Why, then, don’t we follow this same principle when it comes to preparing academic leaders? A quick website search reveals that most institutions provide chairs, deans, and faculty leaders either no training at all, or a series of independent workshops on such topics as budgeting, time management, and conducting faculty searches. Make no mistake: Workshops of this kind play an important role in providing academic leaders with the information and skills they need, but they’re hardly enough by themselves. They need to be integrated into a program that’s continuous, structured, and interactive. We learn by doing no less than do our students. One way of making leadership training more effective is to incorporate simulation and role play.
By: Jeffrey L. Buller, PhD
The first six months (or even year) of a position is often called an academic leader’s “honeymoon period.” People are more likely to overlook an administrator’s mistakes and to cut the person a little bit of slack about taking the institution or program in a new direction. That’s a good thing, because new academic leaders frequently get in their own way by committing five mistakes due to inexperience—at times bringing their honeymoon period to a sudden, inglorious close. Although these five newbie mistakes are most common among academic leaders who are brought in from the outside, a few of them are also committed by those who are new to their jobs within the same institution.
By: Connie J. Kirkland, MA, NCC, CTS
The word victim is derived from the Latin word meaning sacrifice. Suffering seems to be caused by the nature of the crime as it relates to the social character of the specific victim. And it is important to note that when a person is victimized, there may be other issues already present within that person that have caused trauma. As a result of heightened attention to victims, our systems have increased the ability to identify and address the needs of victims. It may be important to note the use of terms and the need to use more than one to include as many perspectives as possible. Both the term victim and survivor are used in popular and social science literature on sexual assault. The use of the term sexual assault survivor first emerged as a way to indicate the therapeutic stage in which an individual began recovery and healing. Those who argued that such healing began with a willingness to inform others about the assault, applied the term survivor more generally.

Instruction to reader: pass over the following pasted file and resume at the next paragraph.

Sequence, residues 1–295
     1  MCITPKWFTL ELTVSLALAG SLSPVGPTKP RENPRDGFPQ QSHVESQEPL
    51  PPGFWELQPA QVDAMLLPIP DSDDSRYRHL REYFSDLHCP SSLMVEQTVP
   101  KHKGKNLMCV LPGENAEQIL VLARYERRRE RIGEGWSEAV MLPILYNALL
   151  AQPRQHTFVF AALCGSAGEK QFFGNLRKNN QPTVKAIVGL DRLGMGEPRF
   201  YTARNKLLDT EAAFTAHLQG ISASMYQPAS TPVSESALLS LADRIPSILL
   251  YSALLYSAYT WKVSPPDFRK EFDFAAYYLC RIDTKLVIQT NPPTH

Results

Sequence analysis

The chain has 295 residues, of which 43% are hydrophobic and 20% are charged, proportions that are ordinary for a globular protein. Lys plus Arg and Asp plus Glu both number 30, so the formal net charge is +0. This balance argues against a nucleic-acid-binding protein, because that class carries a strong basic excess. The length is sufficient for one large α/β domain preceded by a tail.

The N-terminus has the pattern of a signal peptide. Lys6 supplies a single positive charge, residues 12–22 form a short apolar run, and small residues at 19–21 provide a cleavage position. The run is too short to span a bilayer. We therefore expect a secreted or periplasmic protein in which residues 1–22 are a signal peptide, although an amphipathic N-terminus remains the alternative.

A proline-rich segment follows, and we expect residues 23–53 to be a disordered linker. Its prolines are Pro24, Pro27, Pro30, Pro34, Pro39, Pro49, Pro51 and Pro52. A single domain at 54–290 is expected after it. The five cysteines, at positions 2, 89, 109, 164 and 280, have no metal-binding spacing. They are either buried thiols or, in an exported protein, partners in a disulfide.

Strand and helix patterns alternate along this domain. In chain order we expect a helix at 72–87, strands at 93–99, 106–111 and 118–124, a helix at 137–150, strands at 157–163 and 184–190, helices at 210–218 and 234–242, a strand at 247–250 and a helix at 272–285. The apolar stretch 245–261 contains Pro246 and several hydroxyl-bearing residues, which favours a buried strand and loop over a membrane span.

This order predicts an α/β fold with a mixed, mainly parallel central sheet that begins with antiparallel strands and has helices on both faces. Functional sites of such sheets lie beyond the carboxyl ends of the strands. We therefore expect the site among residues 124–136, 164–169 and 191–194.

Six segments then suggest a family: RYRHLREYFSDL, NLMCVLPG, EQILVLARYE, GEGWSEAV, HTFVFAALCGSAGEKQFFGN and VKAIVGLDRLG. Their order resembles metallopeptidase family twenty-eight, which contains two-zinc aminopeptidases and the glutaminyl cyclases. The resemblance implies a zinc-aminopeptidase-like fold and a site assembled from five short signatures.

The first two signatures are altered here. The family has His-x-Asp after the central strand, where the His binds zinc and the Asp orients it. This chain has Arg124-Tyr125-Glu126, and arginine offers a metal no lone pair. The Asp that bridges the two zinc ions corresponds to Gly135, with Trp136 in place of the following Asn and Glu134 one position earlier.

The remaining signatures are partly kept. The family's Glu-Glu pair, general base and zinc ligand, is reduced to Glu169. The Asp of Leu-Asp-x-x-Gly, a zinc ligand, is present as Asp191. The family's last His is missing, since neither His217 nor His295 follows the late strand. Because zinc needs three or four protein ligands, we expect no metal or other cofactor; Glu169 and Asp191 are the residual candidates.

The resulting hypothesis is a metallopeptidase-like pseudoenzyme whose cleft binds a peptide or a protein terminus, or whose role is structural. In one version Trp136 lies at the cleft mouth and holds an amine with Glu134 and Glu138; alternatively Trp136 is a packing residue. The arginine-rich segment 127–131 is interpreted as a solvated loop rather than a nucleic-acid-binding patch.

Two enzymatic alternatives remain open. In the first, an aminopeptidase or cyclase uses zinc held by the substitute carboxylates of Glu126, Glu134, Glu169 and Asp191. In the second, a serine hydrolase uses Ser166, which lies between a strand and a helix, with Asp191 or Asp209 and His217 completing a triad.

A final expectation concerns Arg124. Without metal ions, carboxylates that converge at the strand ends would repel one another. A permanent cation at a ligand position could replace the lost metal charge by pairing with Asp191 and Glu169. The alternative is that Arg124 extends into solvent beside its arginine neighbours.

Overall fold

By: R. Kent Crookston, PhD
In a survey of America’s academic chairs almost 3,000 participants identified “dealing with problem faculty” as their greatest concern (Crookston, p. 13). The title of this article is not “seven easy steps for dealing with problem faculty.” The task was number one for a reason; rehabilitation is difficult and in rare cases may not be possible. Whether your problem person is a low achiever, a passive aggressive, a prima donna, a bully, or an exasperating jerk—you’ll probably spend far more time dealing with him or her than you want. One challenge is that problem faculty members are seldom self-made deviants; usually they are the product of ongoing department-wide neglect. From my experience as a department head and dean plus my research into the literature on leadership and chairing, I have identified seven steps that can help.
By: Barbara McMillin, DA
My responsibilities as associate provost and dean of instruction position me to serve as a sort of academic ombudsman, a person who receives concerns raised by both faculty and students and who, when necessary, facilitates the proper execution of the university’s grievance procedures. Given the typical demeanor of an aggrieved individual, I sometimes have the opportunity to engage someone who is a) frustrated and demanding restitution, b) mortified and seeking reconciliation, c) belligerent and threatening litigation, or d) a quixotic mixture of all the above. By their very nature, such engagements are seldom comfortable; indeed, the level of discomfort makes the all-important task of listening well difficult—but not impossible. Creating an environment that gently separates the emotional from the rational is the first step in addressing a grievance and perhaps defusing it.